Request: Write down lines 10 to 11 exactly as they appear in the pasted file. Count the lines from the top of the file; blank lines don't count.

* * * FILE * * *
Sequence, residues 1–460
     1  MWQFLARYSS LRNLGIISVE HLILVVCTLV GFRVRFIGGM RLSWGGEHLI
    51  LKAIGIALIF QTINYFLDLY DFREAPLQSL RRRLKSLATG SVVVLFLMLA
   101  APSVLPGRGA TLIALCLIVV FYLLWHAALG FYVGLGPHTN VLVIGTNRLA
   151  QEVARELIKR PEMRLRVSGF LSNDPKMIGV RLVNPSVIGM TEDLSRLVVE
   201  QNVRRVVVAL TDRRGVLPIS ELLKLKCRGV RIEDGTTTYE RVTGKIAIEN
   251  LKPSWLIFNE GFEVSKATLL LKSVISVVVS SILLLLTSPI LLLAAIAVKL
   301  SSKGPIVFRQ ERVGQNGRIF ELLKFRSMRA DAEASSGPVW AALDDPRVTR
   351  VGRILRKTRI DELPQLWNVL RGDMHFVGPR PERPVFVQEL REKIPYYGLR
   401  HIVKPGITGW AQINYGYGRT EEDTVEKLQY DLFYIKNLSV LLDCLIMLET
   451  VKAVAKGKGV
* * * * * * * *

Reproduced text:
   401  HIVKPGITGW AQINYGYGRT EEDTVEKLQY DLFYIKNLSV LLDCLIMLET
   451  VKAVAKGKGV